One of the more unusual places to watch a St Patrick’s Day Parade is on the Caribbean island of Montserrat where there is a week-long St Patrick’s Festival that is increasing in popularity. And beyond the St Patrick’s Day Parade every March 17th that includes troupes from Montserrat and neighboring islands like Antigua and Guadeloupe, leading up to that, there are a range of educational, cultural, heritage and straight-up entertainment/party events. But the reason for this week-long festival is not to celebrate Saint Patrick the patron saint of Ireland, but to commemorate the nine or more enslaved West African who lost their lives after the slave rebellion planned for March 17th, 1768 was uncovered.
Montserrat St Patrick’s Day Slave Rebellion
The majority of Montserrat’s early European settlers starting in 1632 were predominantly Irish Catholics. They came initially from neighboring Saint Kitts considered the British mother colony of the West Indies and later Virginia and Ireland. Some were indentured servants and political prisoners; others were tobacco and sugar plantation owners with a sizeable population of enslaved West African that started arriving on Montserrat during the 1650s.
The 1768 slave rebellion in Montserrat was slated to coincide with the annual St Patrick’s Day celebration as while the British governed the island, Saint Patrick’s Day was observed due to the large Irish population. And it was anticipated that the British and Irish would be distracted by the St Patrick’s Day feast, drink, and festivities at Government House. However, the slave rebellion didn’t happen as planned, as the freedom fighters were betrayed by an Irish woman who overhead a planning session. Once the slave rebellion was discovered, it was suppressed with nine executed and more than thirty imprisoned and eventually banished from Montserrat.
While the planned St Patrick’s Day slave rebellion in Montserrat was not successful, as Hon. Claude E. S. Hogan pointed out in his 2018 St Patrick’s Day Lecture Montserrat: Still Masquerading?, it was important on a regional and international stage as it was the first in a series across the Caribbean that helped to bring about the end to slavery. This ultimately happened via an Act by the British Parliament signed August 1833 and came into force on Montserrat August 1st, 1834.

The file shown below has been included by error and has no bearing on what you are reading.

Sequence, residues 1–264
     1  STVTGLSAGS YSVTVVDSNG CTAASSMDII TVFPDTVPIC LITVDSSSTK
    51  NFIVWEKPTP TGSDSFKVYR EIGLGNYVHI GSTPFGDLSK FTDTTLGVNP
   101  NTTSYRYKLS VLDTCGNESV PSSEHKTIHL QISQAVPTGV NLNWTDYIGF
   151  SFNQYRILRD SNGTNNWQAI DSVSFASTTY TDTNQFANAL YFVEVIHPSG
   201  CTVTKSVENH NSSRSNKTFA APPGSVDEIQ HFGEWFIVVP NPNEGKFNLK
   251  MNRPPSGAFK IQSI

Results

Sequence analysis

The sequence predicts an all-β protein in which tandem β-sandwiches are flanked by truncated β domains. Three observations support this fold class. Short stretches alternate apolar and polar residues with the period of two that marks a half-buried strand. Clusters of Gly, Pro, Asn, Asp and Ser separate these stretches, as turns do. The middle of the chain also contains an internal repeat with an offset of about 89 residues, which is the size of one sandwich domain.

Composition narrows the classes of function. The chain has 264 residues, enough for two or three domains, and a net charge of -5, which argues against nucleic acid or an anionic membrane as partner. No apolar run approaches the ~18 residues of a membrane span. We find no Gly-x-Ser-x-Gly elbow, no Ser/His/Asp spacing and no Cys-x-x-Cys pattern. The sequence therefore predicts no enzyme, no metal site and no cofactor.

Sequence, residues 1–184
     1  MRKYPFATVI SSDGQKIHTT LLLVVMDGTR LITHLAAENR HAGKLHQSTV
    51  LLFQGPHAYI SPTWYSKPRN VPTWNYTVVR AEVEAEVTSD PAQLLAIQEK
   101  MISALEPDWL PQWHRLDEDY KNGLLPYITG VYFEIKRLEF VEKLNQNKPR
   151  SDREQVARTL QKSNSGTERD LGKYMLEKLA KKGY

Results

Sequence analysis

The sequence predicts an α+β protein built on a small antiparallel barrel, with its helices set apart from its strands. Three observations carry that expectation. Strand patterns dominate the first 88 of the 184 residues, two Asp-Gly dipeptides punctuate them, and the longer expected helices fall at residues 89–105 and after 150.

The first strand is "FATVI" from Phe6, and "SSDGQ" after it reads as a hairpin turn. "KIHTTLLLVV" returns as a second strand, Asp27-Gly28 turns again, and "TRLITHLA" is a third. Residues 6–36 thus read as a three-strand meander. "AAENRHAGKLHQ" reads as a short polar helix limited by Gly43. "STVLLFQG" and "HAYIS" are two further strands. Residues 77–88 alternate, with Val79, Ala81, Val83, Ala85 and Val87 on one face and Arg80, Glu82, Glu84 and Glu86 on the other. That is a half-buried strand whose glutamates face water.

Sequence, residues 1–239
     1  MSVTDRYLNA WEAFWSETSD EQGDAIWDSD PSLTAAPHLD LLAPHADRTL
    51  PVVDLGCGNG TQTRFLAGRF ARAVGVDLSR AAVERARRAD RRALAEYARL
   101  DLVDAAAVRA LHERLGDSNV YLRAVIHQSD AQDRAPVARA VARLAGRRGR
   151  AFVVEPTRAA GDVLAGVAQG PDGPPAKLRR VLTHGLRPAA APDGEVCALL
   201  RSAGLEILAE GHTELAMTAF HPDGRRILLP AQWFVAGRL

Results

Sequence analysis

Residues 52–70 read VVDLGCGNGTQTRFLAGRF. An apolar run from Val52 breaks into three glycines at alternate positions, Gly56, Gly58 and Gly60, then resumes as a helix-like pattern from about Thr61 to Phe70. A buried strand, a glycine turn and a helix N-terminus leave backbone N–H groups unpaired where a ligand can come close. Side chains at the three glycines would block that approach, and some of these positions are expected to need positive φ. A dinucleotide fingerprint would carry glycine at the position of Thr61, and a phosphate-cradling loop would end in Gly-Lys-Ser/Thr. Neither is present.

So it is in this context that festivities around St Patrick’s Day in Montserrat changed from being a one day Saint Patrick’s Village event during the 1970s to become a public holiday in 1985 with week-long festival circa 1995 that now attracts an increasing number of Montserrat diaspora and international tourists.
Montserrat St Patrick’s Day Festival
The 50+ events throughout the week-long Montserrat St Patrick’s Day Festival (with the parade held in Salem and not the Village of St Patrick’s now buried under volcanic ash post-Soufrière Hills volcano eruption) reflect Montserrat’s current population who are mainly descendants of the enslaved West Africans. And each year, the festival gets bigger and better with signature events including the Saint Patrick’s Day Lecture, Heritage Hike, Junior Calypso Competition, Miss Saint Patrick’s Cultural Pageant, Afro Madras Fashion Show, Regional Arrow Soca Monarch Competition, Heritage Bus Tour of Cultural & Historical Sites, Freedom Walk & Run and the Saint Patrick’s Day Parade & Heritage Feast.